It’s triple harmony but we removed two of the harmonies for the first part of it. At that point I guess you hear ten women singing the main melody then it expands. I’m really happy with it, how it turned out. It’s really a good way to end the album because the song before that is a bit of a rollercoaster.
Listening to “The attack of the dead men”, which is about the use of poison gas, one of the most horrific things in the war, it’s an amazing story when you read about how the Russians who were dying from the poison gas repelled a huge German army.
A horrific story but also man…there’s poison gas which is hell in itself and being exposed to it…the Russians wrapped any kind of cloth they could around their faces and then the Germans attacking, the numbers vary according to the source but the best estimate is there were 100 Russians still standing, and to make that many (7000) Germans retreat again…. To them it must have been somewhere between mummies and zombies coming at them coughing blood, bleeding from the eyes..
Especially as they were expecting everyone to be dead so they could just march in, and they were confronted by a sight like that.
That’s the reason why that song is a bit different. We chose to use throughout the choruses and the intro, almost what people would consider electronic music, synth, and it’s such a nice addition – it’s soemthing new that doesnt below, like poison gas itself, it doesn’t belong so it gives the song a sort of uneasy feeling.
I think war brings out the worst in men and also brings out the best in men, and the album picks out some of both.
That’s absolutely true. Sometimes it’s the people you least expect who turn into real heroes and people who were the most liked person in the vilage may turn out to be the biggest asshole of them all. I read a story, I don’t know about the truth of it but it seemed credible to me (and this is not world war 1 or album related) but a French village where the angry potato farmer that everyone hated, he saved so many Jewish people by hiding them in his barn or whatever whereas the doctor who everyone liked turned out to be giving details of who had Jewish ancestry to the Gestapo. It’s an extreme situation and sometimes being a hero is not a life’s mission, it’s that split second decision to do something and that can change the whole outlook of everything. You might have been an asshole the rest of your life and then that’s the moment that changes it – and vice versa, you can be a pretty decent kind of guy then when your time comes to step up to the plate maybe you don’t.
A lot of good people are judged badly in history because of that split second, and a lot of people who were kind of assholes get a lot of credit for being nice that one time.
You’re headlining Bloodstock in August. The big question is can you top the show you put on last time?
Oh this time we will have time to build a full stage set and a full show. We had almost a full show last time and we have totally rebuilt it all. We still have a tank – a little bit of a difference on it but everything else has changed. Yeah, Bloodstock will burn !!
More flames, more pyro?
Yes, we did our first show with the new setup in Pilzen in the Czech republic and….
Did you leave the town still standing?
Well they brew our favourite beer so yes. We let them live. I’m really looking forward to it – I really like Bloodstock, it’s a metal festival by metalheads for metalheads and it really shines through when festivals are done for the right reasons. Made more for the love of music than anything else.
And it’s small enough that there are no long walks between stages – it’s compact enough to keep the good atmosphere.
It’s grown to a decent size but they’ve managed to keep the small feel, it’s nice. Sweden rock did it – they’re bigger and expanded up to 33,000 and that’s when they thought they lost the festival’s vibe, so they decided to rebuild the area and scale down to 25,000 even though they were selling out at 33,000.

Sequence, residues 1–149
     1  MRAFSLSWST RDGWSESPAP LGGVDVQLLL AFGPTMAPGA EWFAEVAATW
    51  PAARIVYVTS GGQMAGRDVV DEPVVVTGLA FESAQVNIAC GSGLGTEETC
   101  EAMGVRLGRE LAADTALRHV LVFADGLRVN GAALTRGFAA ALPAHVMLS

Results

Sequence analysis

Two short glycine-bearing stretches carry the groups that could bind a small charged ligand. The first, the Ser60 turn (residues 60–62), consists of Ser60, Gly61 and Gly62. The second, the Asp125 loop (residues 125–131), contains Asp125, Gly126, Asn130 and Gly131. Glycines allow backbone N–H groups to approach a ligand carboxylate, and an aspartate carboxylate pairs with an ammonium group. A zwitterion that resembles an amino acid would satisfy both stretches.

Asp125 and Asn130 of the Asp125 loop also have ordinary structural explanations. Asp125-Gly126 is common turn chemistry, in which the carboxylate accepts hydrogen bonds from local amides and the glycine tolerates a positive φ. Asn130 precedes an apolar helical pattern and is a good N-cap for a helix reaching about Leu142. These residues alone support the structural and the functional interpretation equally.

How big is Sabaton open air?
Not that size – I think 6500-7000 the night we played and 4500-5000 the other days. We decided we will never go over 10,000 because we’re on the area where they have the world championships in skiing so that area was upgraded and we have proper toilets, not mobile ones because it was made for the crowds of spectators, so we figured without expanding too much, without moving to portable toilets, without building huge new areas we could go to maybe 10,000 but we’d be happy to get eith or eight and a half thousand – that would be great.
That’s the trick, finding that capacity where you’re not just letting in as many people as possible, you’re stoping at a size where it’s still easy to move around and it’s still a nice atmospere
Also selling out a bit early means you get proper music fans there who care about the music and each other. Maybe sometimes if you put on a huge festival (there’s nothing wrong with a huge festival, I’m not saying that at all), people might buy tickets last minute – hey the sun is shining, shall we go and check out some bands and get drunk. People who buy tickets six months in advance are there to watch bands and have some fun and if someone falls, they’re the type of people who will stop moshing and help them up – proper music fans.
I like it when festivals put tickets on sale before they announce the lineup because that way you don’t get people going for one specific band, the people who go every year are able to get tickets then if they announce a huge band they don’t miss out. When Pinkpop announced the Rolling stones before putting tickets on sale they were overwhelmed with people who just wanted to see the Stones and some people who went every year couldn’t get tickets. You want the loyal fans to get tickets not the people who will only ever go once.
When we announce the tickets for our festival, the first couple of hundred tickets are at the same price as the first year – 666 Swedish crowns, which is £60. At that point they don’t know of any other band than us. We decided many years ago actually that when people asked us “are you going to build Sweden’s largest festival”, well no we arent and we aren’t going to try, but what we want to do is have Sweden’s nicest rock festival. We have a children’s area – it’s not like you can leave them there, but it’s in a place where you can see the stage wthout being moshed, it’s not going to be super-loud, they can try out instruements, theres someone from us or other bands coming there, and that’s for children to a maximum of 13 years of age. Younger ones can bring parents of course but you’re not allowed to be there if you’re say 19 and drinking.
It’s really good to encourage that younger generation.
Yeah, Heavy metal is not just for middle aged males.